Putin Meets with North Korea

Posted: Nov 22, 2014 12:01 AM

North Korea-Russia: Update. Choe Ryong Hae, Secretary of the Korean Workers' Party, met with Russian President Putin in Moscow, as a special envoy for Kim Jong Un on the 18th. The delegation arrived a day later than expected after the plane transporting it from Pyongyang experienced mechanical difficulties.

The Kremlin Press Office announced the visit on the same day, stating that Choe carried with him a personal letter from Kim Jong Un to President Putin.

On 20 November, Russian Foreign Minister Lavrov said that North Korea indicated it is ready to resume nuclear talks. Lavrov told a news conference on Thursday, "We received assurances from the high representative of the Democratic People's Republic of Korea that Pyongyang is ready for the restart of six-party talks, without pre-conditions."

He said a special envoy of North Korean leader Kim Jong Un met President Vladimir Putin this week to deliver a letter promising "cooperation in solving problems that are now lingering on the Korean peninsula."

Comment: The Russians appear to have bought into the North Korean line that "without preconditions" absolves a multitude of misdeeds. The North has failed to live up to multiple agreements that it freely entered and that are related to limiting its nuclear and missile programs. The preconditions that the North seeks to avoid are the obligations it already accepted … in writing.

Thus the North apparently has swindled Lavrov into believing that the North Koreans are open and honest in their willingness to talk. In fact, they are deceptive and dishonest because they want a new set of negotiations in order to avoid keeping their past commitments. As is the North' custom, North Korea wants to renegotiate to determine whether it can get a better deal.

Russia has almost no stake in the outcome of North Korean nuclear negotiations. It is meddling in order to be consequential without taking any risks.

Iraq-Turkey: Today Iraq and Turkey announced new agreements on closer security and intelligence collaboration against the threat posed by the Islamic State of Iraq and the Levant (ISIL). Iraqi Prime Minister Haider al-Abadi said, "We have a key agreement to exchange information and have full security cooperation." Abadi made the statement at a news conference after a meeting with Turkish Prime Minister Ahmet Davutoglu in Baghdad.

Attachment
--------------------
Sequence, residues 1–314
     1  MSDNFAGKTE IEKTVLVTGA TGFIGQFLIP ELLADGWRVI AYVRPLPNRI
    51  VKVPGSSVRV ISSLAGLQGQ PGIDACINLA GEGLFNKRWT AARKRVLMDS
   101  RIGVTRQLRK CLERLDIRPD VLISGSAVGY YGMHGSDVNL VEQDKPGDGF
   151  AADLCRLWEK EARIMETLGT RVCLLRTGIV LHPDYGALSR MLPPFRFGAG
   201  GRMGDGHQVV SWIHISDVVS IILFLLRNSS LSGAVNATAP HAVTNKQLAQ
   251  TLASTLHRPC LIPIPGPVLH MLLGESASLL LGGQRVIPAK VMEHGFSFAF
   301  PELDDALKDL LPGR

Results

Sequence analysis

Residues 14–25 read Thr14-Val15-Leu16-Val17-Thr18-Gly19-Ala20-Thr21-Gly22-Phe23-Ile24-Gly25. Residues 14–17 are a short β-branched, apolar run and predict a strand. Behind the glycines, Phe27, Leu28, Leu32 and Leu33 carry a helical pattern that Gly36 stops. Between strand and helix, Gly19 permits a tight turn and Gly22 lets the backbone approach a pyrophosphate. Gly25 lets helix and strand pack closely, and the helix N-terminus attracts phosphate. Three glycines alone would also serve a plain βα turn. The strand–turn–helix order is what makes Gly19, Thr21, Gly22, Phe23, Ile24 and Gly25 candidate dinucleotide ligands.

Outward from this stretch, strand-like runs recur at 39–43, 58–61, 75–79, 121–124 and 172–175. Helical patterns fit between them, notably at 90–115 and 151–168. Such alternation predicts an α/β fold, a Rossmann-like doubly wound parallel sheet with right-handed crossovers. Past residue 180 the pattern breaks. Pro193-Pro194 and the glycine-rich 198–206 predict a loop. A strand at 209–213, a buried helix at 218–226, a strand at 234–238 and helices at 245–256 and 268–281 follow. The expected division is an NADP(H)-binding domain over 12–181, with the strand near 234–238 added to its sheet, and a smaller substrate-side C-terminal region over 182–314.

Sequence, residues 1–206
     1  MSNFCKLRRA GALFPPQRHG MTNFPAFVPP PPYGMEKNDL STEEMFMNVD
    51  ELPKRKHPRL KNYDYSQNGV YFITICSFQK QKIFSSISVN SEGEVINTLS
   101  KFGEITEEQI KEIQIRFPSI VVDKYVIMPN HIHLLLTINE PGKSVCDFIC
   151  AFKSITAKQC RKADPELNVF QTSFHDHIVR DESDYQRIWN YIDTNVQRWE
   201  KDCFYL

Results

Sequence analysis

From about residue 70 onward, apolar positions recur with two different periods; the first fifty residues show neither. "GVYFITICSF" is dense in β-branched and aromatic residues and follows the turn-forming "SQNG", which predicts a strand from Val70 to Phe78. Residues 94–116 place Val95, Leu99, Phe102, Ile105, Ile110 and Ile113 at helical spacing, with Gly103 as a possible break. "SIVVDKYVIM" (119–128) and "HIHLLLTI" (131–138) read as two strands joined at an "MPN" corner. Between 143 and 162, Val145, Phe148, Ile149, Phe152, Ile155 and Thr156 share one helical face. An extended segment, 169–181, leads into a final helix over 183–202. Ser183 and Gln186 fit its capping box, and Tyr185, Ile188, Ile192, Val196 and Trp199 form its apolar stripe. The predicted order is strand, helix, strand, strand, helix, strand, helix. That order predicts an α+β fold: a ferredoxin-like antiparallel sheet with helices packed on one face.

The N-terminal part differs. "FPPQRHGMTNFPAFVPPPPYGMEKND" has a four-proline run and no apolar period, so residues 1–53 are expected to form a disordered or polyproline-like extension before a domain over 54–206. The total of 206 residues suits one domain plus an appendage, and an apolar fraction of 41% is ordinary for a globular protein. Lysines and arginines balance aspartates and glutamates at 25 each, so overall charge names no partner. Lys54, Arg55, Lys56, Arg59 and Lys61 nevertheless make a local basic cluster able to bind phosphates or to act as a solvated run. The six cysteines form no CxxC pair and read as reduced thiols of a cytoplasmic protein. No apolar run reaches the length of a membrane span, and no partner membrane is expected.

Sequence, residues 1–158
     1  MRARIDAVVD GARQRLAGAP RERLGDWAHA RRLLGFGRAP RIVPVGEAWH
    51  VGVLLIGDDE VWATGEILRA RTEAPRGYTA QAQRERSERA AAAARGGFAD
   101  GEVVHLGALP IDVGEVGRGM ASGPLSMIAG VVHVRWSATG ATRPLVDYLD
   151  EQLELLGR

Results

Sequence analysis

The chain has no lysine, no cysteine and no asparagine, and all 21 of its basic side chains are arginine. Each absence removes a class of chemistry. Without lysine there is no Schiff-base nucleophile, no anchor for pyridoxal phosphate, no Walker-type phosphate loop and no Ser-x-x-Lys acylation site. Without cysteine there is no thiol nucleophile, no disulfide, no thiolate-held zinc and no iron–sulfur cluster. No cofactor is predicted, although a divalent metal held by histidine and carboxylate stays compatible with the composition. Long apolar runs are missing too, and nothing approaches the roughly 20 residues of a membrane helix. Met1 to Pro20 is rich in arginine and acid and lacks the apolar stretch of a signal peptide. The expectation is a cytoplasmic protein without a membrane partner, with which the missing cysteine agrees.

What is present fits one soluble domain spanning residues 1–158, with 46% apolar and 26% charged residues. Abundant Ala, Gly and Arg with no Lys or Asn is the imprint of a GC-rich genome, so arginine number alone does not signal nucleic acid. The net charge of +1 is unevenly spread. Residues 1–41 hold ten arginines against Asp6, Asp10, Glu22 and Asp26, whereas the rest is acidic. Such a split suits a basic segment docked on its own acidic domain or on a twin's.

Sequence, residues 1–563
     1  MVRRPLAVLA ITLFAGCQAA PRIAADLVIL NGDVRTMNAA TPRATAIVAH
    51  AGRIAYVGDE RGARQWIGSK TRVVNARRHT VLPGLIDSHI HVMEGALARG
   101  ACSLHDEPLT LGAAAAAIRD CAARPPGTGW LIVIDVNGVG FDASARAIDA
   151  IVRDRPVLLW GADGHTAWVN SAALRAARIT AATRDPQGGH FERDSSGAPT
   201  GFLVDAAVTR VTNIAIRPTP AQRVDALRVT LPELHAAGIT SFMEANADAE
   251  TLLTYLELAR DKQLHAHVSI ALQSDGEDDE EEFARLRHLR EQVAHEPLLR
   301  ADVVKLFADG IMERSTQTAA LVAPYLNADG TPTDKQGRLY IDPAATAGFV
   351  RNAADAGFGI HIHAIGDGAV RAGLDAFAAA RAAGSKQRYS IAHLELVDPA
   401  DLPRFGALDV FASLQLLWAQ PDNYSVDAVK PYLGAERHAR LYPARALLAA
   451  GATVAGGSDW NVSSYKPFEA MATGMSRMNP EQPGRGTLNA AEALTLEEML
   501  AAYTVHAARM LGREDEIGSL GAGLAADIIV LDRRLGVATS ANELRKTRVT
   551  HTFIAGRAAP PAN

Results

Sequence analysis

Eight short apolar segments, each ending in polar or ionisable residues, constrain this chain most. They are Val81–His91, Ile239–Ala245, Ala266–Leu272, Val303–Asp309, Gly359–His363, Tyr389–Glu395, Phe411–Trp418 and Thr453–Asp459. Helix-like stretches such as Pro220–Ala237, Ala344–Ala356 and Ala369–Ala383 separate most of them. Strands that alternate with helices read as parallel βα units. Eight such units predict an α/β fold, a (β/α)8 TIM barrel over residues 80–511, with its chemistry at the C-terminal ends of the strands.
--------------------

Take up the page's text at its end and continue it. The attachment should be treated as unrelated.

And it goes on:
Using the Arabic acronym for the ISIL, Abadi said, "The Turkish prime minister also wants us to have military cooperation in the face of terrorism and Daish and we welcome that."

Prime Minister Davutoglu affirmed that the two sides had agreed on closer security cooperation. "I can say that Daish threatens both Iraq and Turkey, but we will cooperate and do everything we can to stand up to terrorism," Davutoglu said.

At a joint press conference with parliament speaker Selim el-Cuburi, Davutoglu said, "we cooperate with the Iraqi government against all kinds of terrorist action, whether it be from ISIL or the outlawed PKK, which took up arms against Turkey to carve out a separate state in the southeast of the country."

"We must drain the swamp in Syria, and for this we need a more comprehensive strategy … ISIL did not start the problem in Syria, and so the problem may not end with ISIL's eradication," remarked Davutoglu.

Comment: Beyond the pleasantries, the story behind the story is Turkey's dissatisfaction with the Iraqi Kurds and with Shiites in general. Turkey will oppose any further extension of ties between the Iraqi and the Syrian Kurds. Prime Minister Davutoglu also made clear that Turkey considers the fight against ISIL a sideshow to the real fight to overthrow the pro-Iranian government in Damascus, Syria.

Turkey apparently is willing to cooperate with a Shiite-dominated government in Baghdad, provided it does not work to advance Iran's interests in Syria and stays focused on a common threat.

For Turkey, the worst consequence of ISIL, thus far, is that it has rallied Kurds in four countries. ISIL has created a threat from the potential formation of a pan-Kurdish state. The Turks would work with Shiites in Baghdad rather than accept an independent Kurdish state that might overlap Syria, Turkey, Iraq and Iran.

Almost any security discussions between Turkey and Iraq involve the fate and future of the Kurds. Apparently an Islamic Caliphate is preferable to an independent Kurdish nation.

Nigeria: Boko Haram fighters killed at least 45 persons in a recent attack on Azaya Kura village in the Mafa administrative area of Borno State in northeastern Nigeria on Wednesday.

The insurgents, who stormed the village in trucks, attacked the residents; destroyed their houses; and stole motorcycles, foodstuffs and livestock.

Comment: This attacked occurred in an area north of the battle line that Nigerian forces appear to have established this week.

End of NightWatch


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